Central Railroad of New Jersey's Communipaw Roundhouse
The Central Railroad Company of New Jersey operated passenger and freight service in New Jersey and eastern Pennsylvania and cross Hudson River commuter ferries from Jersey City, NJ to Manhattan in New York. Their major operational base for their motive power steam locomotives was at the Communipaw Round House in Jersey City. By the late 1960s, the region's declining rail passenger and freight business and the changeover from steam to diesel motive power saw that faciility closed down. In 1970, when these photos were taken, the hundreds of skilled workers were gone and only a few large pieces of machinery to heavy to carry off remained.
Locomotives, Mail Cars, Passenger Cars -- On The Scrap Line After Years of Service
The Ghost Train
The new Pullman train between New York and Boston in 1891 quickly became known to railroaders as The Ghost Train because of the creamy white exteriors of its all Pullman car consist. With lettering and other decorative features in gold, the train offered a marked contrast with every other passenger train.
The northbound train left New York at 3 PM, traveled over the New York and New Haven and New York and New England lines, with a scheduled arrival in Boston at 9 PM. An identical southbound train set left Boston at 3 PM and arrived in New York at 9 PM. Speed was not important at that time for these overnight trains. With all stops they averaged only 38 miles and hour over the 227 mile route. What made these trains popular was the comfort and service provided on board combined with the constant regularity of arriving at stations on time.
Each train's consist included a combination car, passenger coaches and drawing room cars. The combination car included a baggage compartment and a smoking room provided with upholstered willow chairs, lush carpeting and white shades and draperies on the windows. The drawing room cars were outfitted with 20 revolving chairs and 6 reclining chairs. Car lighting was provided by gas fixtures and each car carried its gas supply in nine foot long cylinder tanks under the car. During night time, and especially during periods of mist or fog, the brightly lit interiors and the white exteriors made the trains appear especially ghostly. Built especially for this service, each Pullman car cost about $8,500 at the time.
Cog Railway Still Climbs Mount Washington
The Cog Railway travelling up to the 6,288 ft. high peak of Mount Washington, New Hampshire USA is a most enjoyable rail journey. The railway's rack and pinion locomotives first went into operation in 1869 on the approximately three mile line that has an average grade of 25 percent with a maximum grade of 37.4 percent at points. The original construction that made it the world's first mountain climbing cog railway set the stage for innovation and inventiveness that has ensured continuous operation since it was first built. The railways management noted that the conversion to several biodiesel locomotives and with "solar-powered track switches to the advanced Parker IQAN on-board computer package [ensures] The Cog Railway continues to be a leader in cutting edge technology."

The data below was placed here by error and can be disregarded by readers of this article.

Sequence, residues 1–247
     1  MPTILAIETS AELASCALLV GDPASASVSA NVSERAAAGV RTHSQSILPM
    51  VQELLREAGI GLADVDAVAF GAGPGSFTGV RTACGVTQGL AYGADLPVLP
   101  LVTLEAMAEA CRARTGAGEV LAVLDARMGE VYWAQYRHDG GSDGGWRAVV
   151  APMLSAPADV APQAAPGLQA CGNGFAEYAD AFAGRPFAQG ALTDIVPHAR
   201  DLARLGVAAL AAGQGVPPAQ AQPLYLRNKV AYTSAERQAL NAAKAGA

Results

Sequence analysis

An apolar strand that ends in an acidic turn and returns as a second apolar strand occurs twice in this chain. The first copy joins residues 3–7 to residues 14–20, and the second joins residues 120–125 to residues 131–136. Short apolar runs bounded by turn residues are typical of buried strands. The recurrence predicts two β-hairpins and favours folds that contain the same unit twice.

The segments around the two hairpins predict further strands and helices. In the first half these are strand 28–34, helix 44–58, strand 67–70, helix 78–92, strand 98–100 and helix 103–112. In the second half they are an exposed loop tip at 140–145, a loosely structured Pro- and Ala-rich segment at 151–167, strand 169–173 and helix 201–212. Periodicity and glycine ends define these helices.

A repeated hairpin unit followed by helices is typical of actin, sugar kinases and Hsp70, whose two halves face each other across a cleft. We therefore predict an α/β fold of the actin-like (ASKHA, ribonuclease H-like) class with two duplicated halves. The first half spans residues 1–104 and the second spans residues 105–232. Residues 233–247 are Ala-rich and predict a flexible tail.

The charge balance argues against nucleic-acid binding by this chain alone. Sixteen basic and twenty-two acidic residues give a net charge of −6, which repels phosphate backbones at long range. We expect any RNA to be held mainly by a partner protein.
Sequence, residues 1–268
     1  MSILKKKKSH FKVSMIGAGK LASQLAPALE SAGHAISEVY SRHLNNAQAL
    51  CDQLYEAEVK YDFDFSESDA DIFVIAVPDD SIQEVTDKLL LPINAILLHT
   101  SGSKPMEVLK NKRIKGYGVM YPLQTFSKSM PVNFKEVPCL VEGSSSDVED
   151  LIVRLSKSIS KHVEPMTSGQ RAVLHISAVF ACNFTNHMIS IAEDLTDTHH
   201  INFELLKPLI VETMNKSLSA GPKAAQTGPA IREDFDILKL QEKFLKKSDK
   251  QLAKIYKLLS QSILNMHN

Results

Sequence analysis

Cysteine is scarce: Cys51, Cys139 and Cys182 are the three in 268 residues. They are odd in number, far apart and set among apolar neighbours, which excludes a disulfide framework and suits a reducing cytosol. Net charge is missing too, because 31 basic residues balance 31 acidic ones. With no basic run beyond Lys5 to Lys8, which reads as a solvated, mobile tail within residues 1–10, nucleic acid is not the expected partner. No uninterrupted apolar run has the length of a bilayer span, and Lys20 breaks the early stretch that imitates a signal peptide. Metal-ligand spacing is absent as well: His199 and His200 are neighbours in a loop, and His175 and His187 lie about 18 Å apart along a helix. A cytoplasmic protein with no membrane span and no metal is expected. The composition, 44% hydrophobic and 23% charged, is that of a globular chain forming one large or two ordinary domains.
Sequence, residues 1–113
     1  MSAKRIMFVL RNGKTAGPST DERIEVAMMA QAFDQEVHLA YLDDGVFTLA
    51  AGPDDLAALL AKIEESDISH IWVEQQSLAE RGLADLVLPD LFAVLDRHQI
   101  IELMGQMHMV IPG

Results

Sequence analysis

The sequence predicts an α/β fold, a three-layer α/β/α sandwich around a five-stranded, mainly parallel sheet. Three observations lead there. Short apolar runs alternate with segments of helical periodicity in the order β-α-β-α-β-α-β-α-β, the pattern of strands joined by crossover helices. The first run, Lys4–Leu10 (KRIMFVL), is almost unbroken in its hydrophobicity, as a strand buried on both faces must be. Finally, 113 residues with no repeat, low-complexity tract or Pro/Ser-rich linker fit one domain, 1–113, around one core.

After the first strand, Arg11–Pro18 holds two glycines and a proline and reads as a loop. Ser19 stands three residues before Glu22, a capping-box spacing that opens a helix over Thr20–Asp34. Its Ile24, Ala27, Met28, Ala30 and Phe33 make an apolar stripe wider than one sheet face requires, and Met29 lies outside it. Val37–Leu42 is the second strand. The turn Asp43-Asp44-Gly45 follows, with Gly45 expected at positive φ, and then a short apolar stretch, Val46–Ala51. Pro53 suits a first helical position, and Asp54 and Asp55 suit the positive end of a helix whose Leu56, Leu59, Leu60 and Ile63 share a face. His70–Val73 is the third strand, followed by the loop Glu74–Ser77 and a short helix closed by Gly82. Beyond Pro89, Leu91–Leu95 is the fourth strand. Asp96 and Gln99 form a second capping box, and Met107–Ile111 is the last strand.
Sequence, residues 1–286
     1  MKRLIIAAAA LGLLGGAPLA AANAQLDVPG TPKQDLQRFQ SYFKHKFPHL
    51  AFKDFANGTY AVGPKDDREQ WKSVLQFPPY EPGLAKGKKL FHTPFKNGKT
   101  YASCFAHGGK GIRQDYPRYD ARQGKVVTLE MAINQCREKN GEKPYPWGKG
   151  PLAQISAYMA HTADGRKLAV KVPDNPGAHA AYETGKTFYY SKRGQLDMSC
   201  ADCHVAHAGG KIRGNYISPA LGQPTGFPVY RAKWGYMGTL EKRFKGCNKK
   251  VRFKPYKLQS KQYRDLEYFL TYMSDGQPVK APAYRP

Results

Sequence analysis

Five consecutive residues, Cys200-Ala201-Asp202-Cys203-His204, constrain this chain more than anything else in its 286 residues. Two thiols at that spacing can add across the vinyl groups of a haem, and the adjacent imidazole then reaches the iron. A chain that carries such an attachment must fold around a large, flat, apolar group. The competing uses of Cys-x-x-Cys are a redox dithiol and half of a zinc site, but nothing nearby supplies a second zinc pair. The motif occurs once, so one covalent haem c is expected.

Enjoying Steam Locomotives and Trains
|Looking back, in the Northeast, one of the most famous individual operators was the High Iron Company that operated many steam excursions using several locomotives. In this photo, the rebuilt, classic ex-Nickel Plate Railroad's Berkshire 759, powered one of the High Iron Company's finest two day trips that orginated on Day 1 in May 1970 in Hoboken, New Jersey. The train's northwest route followed the old Erie Railroad's mainline through the Catskill Mountains of New York State and then along the upper Delaware River to Binghampton, New York. The Day 2 leg, took the long train south to Scranton, Pennsylvania then east across the old Lackawanna Railroad's mainline through the Delaware Water Gap, across northern New Jersey using the Lackawanna Cut-Off's elevated roadbed at speeds up to 70 MPH for an afternoon arrival at the Lackawanna Railroad's Hoboken Terminal.
Visit These Related LinksThe steam powered railroad ferries - tug boats - and their connecting inland steamboats were once very important parts of railroad history. The ferries serving San Francisco were long popular. Cross Hudson River ferries operated by the Lackawanna, New York Central, Erie and Pennsylvania railroads plus the municipal ferries across lower New York harbor were the areas transportation core and their survivors are still an important link today. Steam Powered Vessels
German steam locomotives
Enjoy Seeing and Riding the Steam Trains
Steam railroad locomotives still survive in the U.S. and Europe for the enjoyment of railroad and steam power enthusiasts and to preserve those important technologies.
Wilmington & Western Railroad, Wilmington, Delaware. operates scheduled short line steam train excursions throughout the year.
Other railroad operations in the U.S. are in this list.
Europe Mainline Steam
According to the creator of the film, T. Sohns of Germany, the steam power was, "Rebuilt in the 1950s by the German Federal Railway (DB), 01 1066 and 41 018 are among the most modern and successful German steam locomotives. Both are equipped with oil burners. Whilst express train locomotive 01 1066 is a 3 cylinder 4-6-2 Pacific cleared for 140 km/h (87 mph), fast freight engine 41 018 is a 2 cylinder 2-8-2 Mikado cleared for 90 km/h (56 mph). On October 21, 2006 at 2:10h pm and 4:48h pm the two engines battled gravity with 12 coaches in tow on the famous 2.5 percent Schiefe Ebene grade (Neuenmarkt - Marktschorgast) North of the town of Bayreuth not far from the German-Czech border. Both runs were recorded from different perspectives at the reverse curves near to kilometer post 80 - this video shows the 2:10h pm run. The tour was organized by IGE Bahntouristik, www.bahntouristik.de."